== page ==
By a 9-3 vote, a jury last year recommended that Charles Johnson should be sent to Death Row for fatally shooting a young Miami mother, execution style.
With many of Florida’s death-penalty cases in flux because of a recent U.S. Supreme Court decision, a judge on Thursday ruled otherwise, sentencing Johnson instead to life in prison.
“This made no sense at all. They all break your heart, but this one made no sense,” Miami-Dade Circuit Judge Nushin Sayfie told Johnson. “You ruined your own life and you took a life and ruined the lives of many others. I pray for you.”
Sayfie also told the family of the slain woman, 22-year-old Luvonia Williams, that she hoped the life sentence would provide finality, instead of more legal wrangling and court hearings that a death sentence might bring about.
Never miss a local story.
“My goal is to make sure we don’t have to go through this again,” Sayfie told them.
Williams’ mother, Trudy Carter, nodded her head in agreement. Afterward, Carter said she was fine with the decision.
“Life in prison. He has to think about what he did for the rest of his life and will never again see daylight,” Carter said.
Johnson’s conviction and the jury’s death recommendation came at an unusual time.
A jury in October convicted Johnson of first-degree murder for killing Williams, and soon afterward recommended death. But before Sayfie could decide whether to follow the recommendation, the U.S. Supreme Court ruled that Florida’s death-penalty sentencing scheme was unconstitutional because it gave too little power to juries.
It remains unclear whether the high court’s decision in Hurst v. Florida applies to people who had already been convicted, sentenced and had their appeals exhausted before the opinion was released.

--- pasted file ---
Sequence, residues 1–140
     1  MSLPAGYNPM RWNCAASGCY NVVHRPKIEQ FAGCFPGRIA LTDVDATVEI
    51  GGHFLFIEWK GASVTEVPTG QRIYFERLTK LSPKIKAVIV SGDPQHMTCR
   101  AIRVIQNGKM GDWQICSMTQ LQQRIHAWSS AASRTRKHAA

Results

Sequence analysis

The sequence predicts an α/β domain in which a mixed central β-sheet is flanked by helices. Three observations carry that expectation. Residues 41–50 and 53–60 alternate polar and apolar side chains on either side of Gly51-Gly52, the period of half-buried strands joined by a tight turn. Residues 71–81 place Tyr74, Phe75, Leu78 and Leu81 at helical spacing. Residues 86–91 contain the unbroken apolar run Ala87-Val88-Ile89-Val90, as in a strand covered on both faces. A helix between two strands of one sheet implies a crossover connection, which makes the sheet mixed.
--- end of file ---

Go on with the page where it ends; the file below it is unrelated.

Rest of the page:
Last week, the Florida Supreme Court heard from opponents of the death penalty who argued that all 390 Death Row inmates should get life sentences because they were sentenced under a flawed system.
The Legislature was forced to revamp the statute. Florida’s new law requires juries to unanimously vote for every reason, known as aggravating factors, that a defendant might merit a death sentence. Whether to actually impose the death sentence requires 10 of 12 jurors.
In Johnson’s case, prosecutors asked for a new sentencing hearing. His defense lawyers, Michael Bloom and Bruce Fleisher, disagreed because the law remains in limbo for Johnson.
“Life is the only constitutional sentence that can be imposed at this time,” Bloom told the judge.
Prosecutors said the shooting stemmed from Williams’ sister breaking up with David Johnson, Charles’ brother.
The contentious domestic dispute culminated in the brothers, both armed with guns, shooting into a crowd outside the 1900 block of Northwest 92nd Street. In all, three people were shot and wounded. Williams was struck and tried to stagger away. Prosecutors believe that Charles — on his brother’s orders — fired two final, fatal shots as she lay on the ground.
At the time of the shooting, Williams’ 1-year-old son was inside a nearby house that was also shot up. The jury found Charles Johnson guilty of first-degree murder and five counts of attempted murder.
David Johnson is still awaiting trial.